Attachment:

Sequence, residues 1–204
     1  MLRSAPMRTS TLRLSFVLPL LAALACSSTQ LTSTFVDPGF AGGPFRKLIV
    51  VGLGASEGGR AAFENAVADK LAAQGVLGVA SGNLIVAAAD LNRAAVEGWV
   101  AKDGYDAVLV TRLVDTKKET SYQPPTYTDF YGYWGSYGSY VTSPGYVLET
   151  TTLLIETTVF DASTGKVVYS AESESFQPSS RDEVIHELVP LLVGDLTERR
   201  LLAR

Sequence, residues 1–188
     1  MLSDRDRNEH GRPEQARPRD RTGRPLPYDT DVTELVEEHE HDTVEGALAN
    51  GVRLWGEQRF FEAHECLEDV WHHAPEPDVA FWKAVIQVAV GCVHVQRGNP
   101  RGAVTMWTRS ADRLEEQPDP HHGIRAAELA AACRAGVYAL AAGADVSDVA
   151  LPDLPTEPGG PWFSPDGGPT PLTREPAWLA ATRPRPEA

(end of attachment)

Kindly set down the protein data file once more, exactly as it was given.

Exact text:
Sequence, residues 1–204
     1  MLRSAPMRTS TLRLSFVLPL LAALACSSTQ LTSTFVDPGF AGGPFRKLIV
    51  VGLGASEGGR AAFENAVADK LAAQGVLGVA SGNLIVAAAD LNRAAVEGWV
   101  AKDGYDAVLV TRLVDTKKET SYQPPTYTDF YGYWGSYGSY VTSPGYVLET
   151  TTLLIETTVF DASTGKVVYS AESESFQPSS RDEVIHELVP LLVGDLTERR
   201  LLAR

Sequence, residues 1–188
     1  MLSDRDRNEH GRPEQARPRD RTGRPLPYDT DVTELVEEHE HDTVEGALAN
    51  GVRLWGEQRF FEAHECLEDV WHHAPEPDVA FWKAVIQVAV GCVHVQRGNP
   101  RGAVTMWTRS ADRLEEQPDP HHGIRAAELA AACRAGVYAL AAGADVSDVA
   151  LPDLPTEPGG PWFSPDGGPT PLTREPAWLA ATRPRPEA